THREE ANDERSON MOMENTS TO CATCH UP ON
Heart of a Dog: Anderson’s astounding film is part-monologue on human nature, part biopic of herself, and yes, partly a meditation on her astounding, dancing, piano-playing dog. Also available as a 70-minute LP on Nonesuch Records, the film’s gripping, essayistic qualities are enhanced by the subtly enveloping string and electronic compositions that roll and noodle in the background throughout.
Big Science: The album from which O Superman was drawn, this 1982 LP is not quite a debut, but did see the artist incorporating music more fully into her work. Containing some of the electronic boffinry of Thomas Dolby, combined with the broad sweep of avant-garde spoken word, this is an essential part of the Laurie Anderson canon.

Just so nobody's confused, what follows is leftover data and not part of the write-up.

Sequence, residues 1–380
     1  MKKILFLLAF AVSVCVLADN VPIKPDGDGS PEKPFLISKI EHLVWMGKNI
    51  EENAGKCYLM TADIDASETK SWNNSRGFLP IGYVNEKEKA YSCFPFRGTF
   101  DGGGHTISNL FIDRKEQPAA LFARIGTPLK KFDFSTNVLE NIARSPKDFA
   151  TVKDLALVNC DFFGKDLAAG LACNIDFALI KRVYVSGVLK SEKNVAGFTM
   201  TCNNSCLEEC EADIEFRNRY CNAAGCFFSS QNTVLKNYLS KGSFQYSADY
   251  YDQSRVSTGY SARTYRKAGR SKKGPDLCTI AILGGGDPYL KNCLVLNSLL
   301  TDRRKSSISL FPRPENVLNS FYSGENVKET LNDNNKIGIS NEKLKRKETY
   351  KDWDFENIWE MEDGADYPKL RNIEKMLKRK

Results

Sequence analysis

Letters To Jack: This performance piece, part of her Language of the Future series, and viewable in part on YouTube, centres on a charming story from Anderson’s childhood. When running for class president aged 13, Anderson thought she’d write to the then presidential candidate JFK and ask some advice, to which he replied with a well-thought-out and kind-hearted letter that gave her surprisingly practical advice on the matter. With what Anderson describes as the arrogance of “a punk kid”, she replied to thank him some months later, and informed him that she, like himself, had been successful in her election. The new president replied with sincerest thanks, adding 12 red roses in congratulations.